As the American people suffer job loss and economic hardship in one of the nation’s greatest recessions, a CSU economics professor said there is hope on the horizon for Northern Colorado after forecast results predicted Weld and Larimer counties can expect the addition of 250 extra jobs this year.
In light of results from the bi-annual job forecast, conducted by regional economist and associate CSU economics professor Martin Shields and CSU research associate David Keyser, Shields said in addition to the .1 percent job increase, he predicts the national economy will improve this summer and Colorado will follow.
“Right now it’s a tough job market for everyone . white collar and blue collar (jobs) are equally being affected,” Shields said, adding that he predicts the economy will “turn around nationally by mid to late-summer and Colorado will follow that.”
A separate study conducted by CSU economics professor Harvey Cutler and released in mid- January, reported CSU employees and its alumni produced $4.1 billion in revenue in Colorado in 2008.
“A lot of sectors, including CSU, tend to do better in these downturns,” Shields said, adding that the northern Colorado economy does not rely on revenues from large corporations like those in the auto industry and the banking industry.
Shields linked the university’s revenue generations with the presence of a college-educated workforce.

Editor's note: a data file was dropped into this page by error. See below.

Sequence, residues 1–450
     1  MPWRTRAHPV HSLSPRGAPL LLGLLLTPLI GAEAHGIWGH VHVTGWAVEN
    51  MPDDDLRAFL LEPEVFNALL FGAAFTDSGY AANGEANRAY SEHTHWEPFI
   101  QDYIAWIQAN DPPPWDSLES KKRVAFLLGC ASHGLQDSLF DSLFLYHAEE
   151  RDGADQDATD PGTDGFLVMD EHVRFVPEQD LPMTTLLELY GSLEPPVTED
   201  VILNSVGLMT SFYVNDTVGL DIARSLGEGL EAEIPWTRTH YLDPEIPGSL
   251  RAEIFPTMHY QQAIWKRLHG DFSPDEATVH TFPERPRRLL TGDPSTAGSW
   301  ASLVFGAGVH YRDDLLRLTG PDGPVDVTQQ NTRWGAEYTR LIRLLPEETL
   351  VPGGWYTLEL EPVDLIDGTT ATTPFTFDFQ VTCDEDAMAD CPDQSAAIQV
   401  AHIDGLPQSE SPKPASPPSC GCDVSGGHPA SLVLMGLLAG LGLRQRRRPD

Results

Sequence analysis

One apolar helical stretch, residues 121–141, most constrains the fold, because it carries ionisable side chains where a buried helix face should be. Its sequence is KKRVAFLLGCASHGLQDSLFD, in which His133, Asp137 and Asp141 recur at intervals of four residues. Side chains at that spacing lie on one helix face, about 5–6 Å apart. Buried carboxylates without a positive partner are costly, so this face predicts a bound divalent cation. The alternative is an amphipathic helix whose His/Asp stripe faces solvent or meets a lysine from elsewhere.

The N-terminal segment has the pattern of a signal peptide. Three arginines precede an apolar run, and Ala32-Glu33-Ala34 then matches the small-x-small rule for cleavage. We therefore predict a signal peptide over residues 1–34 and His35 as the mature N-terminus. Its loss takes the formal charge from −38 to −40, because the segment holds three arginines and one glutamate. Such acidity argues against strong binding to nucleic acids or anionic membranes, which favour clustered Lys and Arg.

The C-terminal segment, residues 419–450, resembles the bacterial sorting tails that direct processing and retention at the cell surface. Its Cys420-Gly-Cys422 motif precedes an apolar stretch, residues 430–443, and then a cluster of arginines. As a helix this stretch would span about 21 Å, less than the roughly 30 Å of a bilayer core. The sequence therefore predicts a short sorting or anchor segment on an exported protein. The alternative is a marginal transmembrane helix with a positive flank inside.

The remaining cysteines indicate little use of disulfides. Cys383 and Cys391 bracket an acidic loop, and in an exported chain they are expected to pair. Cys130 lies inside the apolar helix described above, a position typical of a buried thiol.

“CSU has more alumni living in the state than other universities; there are alumni in every county in Colorado,” Shields said.
“Higher education has dramatic and statewide implications. It makes everyone more productive in the state.”
CSU, the region’s largest employer Shields said, has approximately 6,200 employees who finance the local economy when buying homes, groceries, providing local income tax among others.
When asked about the future of job-hunting for recent college graduates, Shields said younger workers, 22 to 23-years-old, can anticipate filling the jobs left open by the nation’s baby boomers as they start to retire in the next few years.
“The good thing is that for the long-term, all the baby boomers are going to be retiring,” Shields said. “There’s not enough 22-year-olds or 23-year-olds to replace all of them.”
Students stressed the importance of acquiring marketable job skills as a way to stand out to employers.
Wendy Whittaker, a senior English major, said finding a job is “not so much about finding your niche as it is making yourself a marketable employee.”
As for developing a more successful future economy, Shields said people have to start thinking “long-term” and a healthier economy will come with simple changes in visions.
“The economy would get better soon by simple changes in visions,” Shields said. “We have to start thinking long-term.”
Real estate and finance officials from CSU said that one government sector in particular is not to blame for the recession and suggested that a change in homeownership policies, not a government bailout, is a possible solution.
“I don’t think all these bailouts are gonna help,” said Steve Laposa, CSU associate Real Estate and Finance professor. “That’s for doggone sure.”
Shields, too, suggested modifying existing economic policies and said investments in education; new infrastructure and transportation systems are among the solutions to creating an improved national economy.
There also needs to be a “new foresight in economic policy handling,” he said.
Staff writer Brian Anthony can be reached at firstname.lastname@example.org.